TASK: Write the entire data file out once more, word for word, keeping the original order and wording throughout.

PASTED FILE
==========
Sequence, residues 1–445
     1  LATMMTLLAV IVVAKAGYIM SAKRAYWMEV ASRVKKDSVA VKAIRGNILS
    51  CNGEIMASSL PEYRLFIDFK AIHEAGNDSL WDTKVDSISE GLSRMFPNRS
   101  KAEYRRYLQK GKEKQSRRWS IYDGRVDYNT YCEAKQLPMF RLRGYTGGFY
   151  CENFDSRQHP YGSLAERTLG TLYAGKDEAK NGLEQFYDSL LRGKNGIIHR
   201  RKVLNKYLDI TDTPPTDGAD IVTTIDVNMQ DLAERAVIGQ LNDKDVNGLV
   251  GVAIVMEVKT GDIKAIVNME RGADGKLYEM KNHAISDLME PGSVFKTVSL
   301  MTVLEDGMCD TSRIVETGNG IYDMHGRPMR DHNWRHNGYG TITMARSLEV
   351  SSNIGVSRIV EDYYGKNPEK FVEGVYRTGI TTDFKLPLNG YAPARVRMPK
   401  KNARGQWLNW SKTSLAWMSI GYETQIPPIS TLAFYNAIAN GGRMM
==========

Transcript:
Sequence, residues 1–445
     1  LATMMTLLAV IVVAKAGYIM SAKRAYWMEV ASRVKKDSVA VKAIRGNILS
    51  CNGEIMASSL PEYRLFIDFK AIHEAGNDSL WDTKVDSISE GLSRMFPNRS
   101  KAEYRRYLQK GKEKQSRRWS IYDGRVDYNT YCEAKQLPMF RLRGYTGGFY
   151  CENFDSRQHP YGSLAERTLG TLYAGKDEAK NGLEQFYDSL LRGKNGIIHR
   201  RKVLNKYLDI TDTPPTDGAD IVTTIDVNMQ DLAERAVIGQ LNDKDVNGLV
   251  GVAIVMEVKT GDIKAIVNME RGADGKLYEM KNHAISDLME PGSVFKTVSL
   301  MTVLEDGMCD TSRIVETGNG IYDMHGRPMR DHNWRHNGYG TITMARSLEV
   351  SSNIGVSRIV EDYYGKNPEK FVEGVYRTGI TTDFKLPLNG YAPARVRMPK
   401  KNARGQWLNW SKTSLAWMSI GYETQIPPIS TLAFYNAIAN GGRMM